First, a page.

In Mahamudra (which you will flippantly fob off as Hindu practice), for example, one develops an all-encompassing consciousness.
Maybe. But the above flippantly fob is unrelated to the Pali term "sati" ("mindfulness"). "Mindfulness" is not the "consciousness" that operates via the eyes, ears, nose, tongue body & mind. Consciousness is "vinnana". Mindfulness is "sati". An example of mindfulness is when you are a Buddhist teacher, you remember you are not allowed to have sex with your vulnerable & impressionable students; let alone with any student.
When conscious of an object, the mind can grasp the object or can choose to not grasp the object. The decision to not grasp the object requires "mindfulness", namely, remembering & not forgetting to apply the Dhamma teachings that say grasping is suffering. But consciousness or "awareness" itself is not inherently related to mindfulness. When the mind is aware of or is conscious of or observes a sexy women with lust this is not Buddhist mindfulness because Buddhist mindfulness is to observe objects without lust. For example, the flippantly fob awareness in these photos is not Buddhist mindfulness because the role of mindfulness, according to the teachings, is to keep the mind free from craving:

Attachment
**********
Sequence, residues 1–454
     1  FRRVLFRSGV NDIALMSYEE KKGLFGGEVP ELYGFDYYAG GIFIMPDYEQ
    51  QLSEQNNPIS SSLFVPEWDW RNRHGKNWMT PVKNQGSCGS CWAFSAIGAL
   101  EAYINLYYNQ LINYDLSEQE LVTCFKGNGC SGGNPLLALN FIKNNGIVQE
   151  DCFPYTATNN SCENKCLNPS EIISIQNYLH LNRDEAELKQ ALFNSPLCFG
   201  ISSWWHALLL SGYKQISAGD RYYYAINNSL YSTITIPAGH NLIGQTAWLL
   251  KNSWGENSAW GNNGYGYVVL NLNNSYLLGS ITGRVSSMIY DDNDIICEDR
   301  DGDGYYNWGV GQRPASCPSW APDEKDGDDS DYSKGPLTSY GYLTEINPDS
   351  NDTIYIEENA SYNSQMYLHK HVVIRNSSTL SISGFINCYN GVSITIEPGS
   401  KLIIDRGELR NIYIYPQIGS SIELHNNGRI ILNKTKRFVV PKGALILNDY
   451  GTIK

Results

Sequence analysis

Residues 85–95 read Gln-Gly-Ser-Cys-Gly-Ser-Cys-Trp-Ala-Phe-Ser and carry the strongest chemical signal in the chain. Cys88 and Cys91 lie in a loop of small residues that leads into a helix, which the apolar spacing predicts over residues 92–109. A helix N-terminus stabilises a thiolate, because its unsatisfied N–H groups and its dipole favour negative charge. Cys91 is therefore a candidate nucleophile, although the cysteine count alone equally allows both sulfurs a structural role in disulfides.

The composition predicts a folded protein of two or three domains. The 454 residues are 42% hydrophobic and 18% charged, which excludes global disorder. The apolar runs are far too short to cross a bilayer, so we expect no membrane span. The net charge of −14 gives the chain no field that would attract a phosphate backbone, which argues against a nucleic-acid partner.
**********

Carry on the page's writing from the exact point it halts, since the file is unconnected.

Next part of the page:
Based on the track record of your posts, I doubt anything you write would conform to my understanding of the Pali suttas that are the reported teachings of the Buddha. The Buddha unambiguously taught how to meditate for Noble Stream-Entry as follows:
There is the case where a monk, a disciple of the noble ones, making it his object to let go, attains concentration, attains singleness of mind.
It’s when a noble disciple, relying on letting go, gains immersion, gains unification of mind.
Idha, bhikkhave, ariyasāvako vossaggārammaṇaṃ karitvā labhati samādhiṃ, labhati cittassa ekaggataṃ.
It’s when a mendicant develops the awakening factor of mindfulness... which rely on seclusion, fading away, and cessation, and ripen as letting go vossaggapariṇāmiṃ).